Side Effects of Tramadol Abuse and the Dangers of Abuse

Last Updated: June 10, 2020

Authored by Roger Weiss, MD

Reviewed by Michael Espelin APRN

Tramadol is a legal synthetic opioid, a medication to treat moderate, severe and chronic pain. People use it for example to treat post-surgical pain or a chronic condition such as arthritis.
Tramadol acts on the nervous pathways that relay pain signals from the body to the brain. That is how people feel their pain dampen: the cause is still there, but they don’t feel it. Furthermore, the analgesic property of Tramadol may induce mood improvement as a side effect. These two aspects make Tramadol a popular choice to use for treating pain.
Another reason why people use Tramadol is because it is less potent than other similar narcotics. Morphine, for example, has much stronger effects but and also a much higher risk of addiction. That makes people believe that Tramadol is relatively safe. Many recreational users share that belief. Tramadol does not provide extreme highs for everyone, and certainly not for people that wish to stay within reasonable safety limits and not overdose.
But those who experience and seek Tramadol-induced euphoria often believe that they are not risking much because the drug is not as potent as morphine or other opiates.

Effects of Tramadol

These are the benefits that people look for by using Tramadol:

  • Pain relief. Tramadol modifies the pain signals that go to the brain, which dampens pain sensations.
  • Mood enhancement. Tramadol increases the levels of the same neurotransmitters in the brain as many antidepressants.
  • Anti-anxiolytic. The drug is relaxing and helps to reduce anxiety.

Can Tramadol be harmful?

Tramadol is an opioid medication. It is a schedule IV substance, which meant that it has a potential for addiction. In fact, many people that follow precisely the doctor’s prescriptions and orders do not have any side effects.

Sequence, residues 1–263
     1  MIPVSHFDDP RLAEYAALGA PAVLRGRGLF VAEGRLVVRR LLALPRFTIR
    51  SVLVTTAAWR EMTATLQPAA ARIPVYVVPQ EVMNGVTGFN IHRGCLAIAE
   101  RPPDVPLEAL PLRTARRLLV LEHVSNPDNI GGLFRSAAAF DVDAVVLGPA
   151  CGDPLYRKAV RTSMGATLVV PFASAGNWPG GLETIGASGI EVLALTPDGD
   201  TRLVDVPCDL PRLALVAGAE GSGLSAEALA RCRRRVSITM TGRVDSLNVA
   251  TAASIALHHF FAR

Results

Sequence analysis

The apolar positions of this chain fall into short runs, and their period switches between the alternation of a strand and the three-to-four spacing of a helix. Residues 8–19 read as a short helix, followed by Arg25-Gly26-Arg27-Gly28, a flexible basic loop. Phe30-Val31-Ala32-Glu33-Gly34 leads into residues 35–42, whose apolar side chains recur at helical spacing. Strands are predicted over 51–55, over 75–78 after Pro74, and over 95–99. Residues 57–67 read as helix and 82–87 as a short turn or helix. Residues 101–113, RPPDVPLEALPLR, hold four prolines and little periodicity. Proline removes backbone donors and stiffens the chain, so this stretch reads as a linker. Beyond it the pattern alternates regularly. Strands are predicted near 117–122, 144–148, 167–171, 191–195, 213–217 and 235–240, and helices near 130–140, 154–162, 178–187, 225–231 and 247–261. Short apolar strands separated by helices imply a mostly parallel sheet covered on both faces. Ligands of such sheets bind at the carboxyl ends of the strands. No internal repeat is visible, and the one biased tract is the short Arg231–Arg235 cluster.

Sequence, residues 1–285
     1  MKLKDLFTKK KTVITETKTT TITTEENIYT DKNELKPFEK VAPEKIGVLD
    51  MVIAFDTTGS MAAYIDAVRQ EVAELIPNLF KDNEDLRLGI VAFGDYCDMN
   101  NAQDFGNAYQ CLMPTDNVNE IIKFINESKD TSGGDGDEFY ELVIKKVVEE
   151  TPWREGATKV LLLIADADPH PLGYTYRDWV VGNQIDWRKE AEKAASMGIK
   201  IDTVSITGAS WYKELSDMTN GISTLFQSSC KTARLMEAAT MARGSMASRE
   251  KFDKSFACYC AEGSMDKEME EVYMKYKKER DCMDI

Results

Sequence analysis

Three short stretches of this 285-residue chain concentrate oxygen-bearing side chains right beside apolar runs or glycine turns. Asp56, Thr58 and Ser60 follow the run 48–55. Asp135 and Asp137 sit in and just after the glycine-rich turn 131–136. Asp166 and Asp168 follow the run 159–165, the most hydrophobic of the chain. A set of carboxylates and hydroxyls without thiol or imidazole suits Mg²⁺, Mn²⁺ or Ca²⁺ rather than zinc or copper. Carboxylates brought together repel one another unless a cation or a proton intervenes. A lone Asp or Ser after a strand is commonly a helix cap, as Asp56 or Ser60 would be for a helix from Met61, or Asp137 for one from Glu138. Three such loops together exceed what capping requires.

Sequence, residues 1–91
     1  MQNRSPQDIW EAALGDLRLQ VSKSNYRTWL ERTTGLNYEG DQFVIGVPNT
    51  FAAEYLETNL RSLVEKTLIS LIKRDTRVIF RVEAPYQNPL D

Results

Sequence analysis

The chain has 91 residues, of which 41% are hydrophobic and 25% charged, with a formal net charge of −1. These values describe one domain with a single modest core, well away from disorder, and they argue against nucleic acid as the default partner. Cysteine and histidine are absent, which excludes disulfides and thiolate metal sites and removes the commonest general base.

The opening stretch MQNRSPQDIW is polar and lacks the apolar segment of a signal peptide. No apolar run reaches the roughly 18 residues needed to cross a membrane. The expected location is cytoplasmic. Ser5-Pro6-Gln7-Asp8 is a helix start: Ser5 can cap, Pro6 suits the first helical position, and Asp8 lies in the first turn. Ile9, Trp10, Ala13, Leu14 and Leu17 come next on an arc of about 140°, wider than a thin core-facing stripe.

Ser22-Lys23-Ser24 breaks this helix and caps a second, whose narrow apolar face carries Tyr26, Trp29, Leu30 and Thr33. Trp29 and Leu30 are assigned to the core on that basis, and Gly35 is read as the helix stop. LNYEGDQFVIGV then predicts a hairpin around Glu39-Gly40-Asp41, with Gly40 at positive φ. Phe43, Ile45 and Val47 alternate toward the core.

Problems arise if someone consumes the medication without medical approval. Many people become addicted to Tramadol not because they were seeking a high, but because they deviated from the prescribed regimen. Users are at risk of suffering from serious side effects if they:

  • Use it for an extended period. That happens for example by disregarding doctor’s orders to change the medication. Switch to other drugs to avoid becoming dependent.
  • Take overlarge doses, or too frequent doses. It is important to maintain the right dosage for the pain, age, weight and general health of the patient.
  • Take it with other substances. Some people mix Tramadol on purpose with other drugs to enhance the effects, which can lead to harmful effects and can hasten addiction.
  • Take it on purpose for recreational reasons.

Side Effects Of Tramadol Use

Most people that follow their doctor’s guidelines shouldn’t suffer from side effects, or mild effects if any. People who use Tramadol in a risky manner, however, are at risk to experience the following frequent unpleasant consequences:

  • Sweating
  • Dry mouth
  • Headaches and dizziness
  • Difficulty with sleeping
  • Constipation or diarrhea
  • Loss of appetite and nausea
  • Tension and agitation